Slow Motion: A Memoir of a Life Rescued by Tragedy
At twenty-three, Dani Shapiro was in the midst of a major rebellion against her religious upbringing. She had dropped out of college, was halfheartedly acting in television commercials, and was carrying on with an older married man when her life was changed, in an instant, by a phone call. Her parents had been in a devastating car accident. Neither was expected to survive. In her first memoir, Shapiro offers this powerful true story of a life turned around—not by miracles or happy endings, but by unexpected personal catastrophe.
Cogent and unforgettable.
Absorbing, sweetly stinging…Shapiro’s book succeeds as a gracefully written story of reckoning inspired by tragedy and the long reach of familial roots.
Shapiro’s writing has the spare elegance of a thin, gold bracelet–with all the timeless appeal and elegance and fine craft that implies. Her self-examination is untainted by self-pity…A great piece of writing and an inspirational tale…SLOW MOTION illuminates the rocky road to integrity in graceful but wrenching steps.
Notably free of self-pity and rigorous in her scrutiny, Shapiro doesn’t spare her lover, her family, or herself, yet there’s emotion on these pages that is rare among the recent spate of confessionals. The result is a story that isn’t perversely voyeuristic, but simply rewarding.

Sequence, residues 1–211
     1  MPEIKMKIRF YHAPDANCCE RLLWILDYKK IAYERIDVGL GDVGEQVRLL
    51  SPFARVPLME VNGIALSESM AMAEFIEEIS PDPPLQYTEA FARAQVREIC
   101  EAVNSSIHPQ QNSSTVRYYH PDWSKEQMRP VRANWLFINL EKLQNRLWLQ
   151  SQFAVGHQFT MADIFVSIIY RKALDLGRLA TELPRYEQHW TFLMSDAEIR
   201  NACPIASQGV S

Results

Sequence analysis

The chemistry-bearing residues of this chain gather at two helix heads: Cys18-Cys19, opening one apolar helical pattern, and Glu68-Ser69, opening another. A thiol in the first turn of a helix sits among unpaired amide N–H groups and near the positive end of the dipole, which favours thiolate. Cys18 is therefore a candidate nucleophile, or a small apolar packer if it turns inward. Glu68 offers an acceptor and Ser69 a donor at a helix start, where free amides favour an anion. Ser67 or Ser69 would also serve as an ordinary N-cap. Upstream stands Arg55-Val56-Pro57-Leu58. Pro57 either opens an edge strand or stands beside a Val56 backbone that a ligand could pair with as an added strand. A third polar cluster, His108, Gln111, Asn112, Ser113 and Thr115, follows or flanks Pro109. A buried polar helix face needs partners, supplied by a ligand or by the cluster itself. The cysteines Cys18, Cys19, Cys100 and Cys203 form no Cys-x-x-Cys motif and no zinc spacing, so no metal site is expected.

Well-crafted and full of juice…
Shapiro does not sugarcoat her life; she writes with an eviscerating, raw honesty about the wrong turns and mistakes she made. She is equally harsh with her family, capturing the jealousies and pettiness they refuse to put aside in a time of calamity.
Stylishly written … splendid … Shapiro’s prose is seamless.
Shapiro is an uncommonly fine writer who seems effortlessly to combine a lean prose style with acute observational detail…Shapiro’s book should be celebrated not as a morality tale, but as good literature.
Remarkable and painful…Shapiro lays bare her own young and fractured self with searing candor. The result is moving, comic, and bitterly self-aware.
There is a gritty honesty to [Shapiro’s] cautionary confessional that will alert others to listen for and respond to wake-up calls of their own.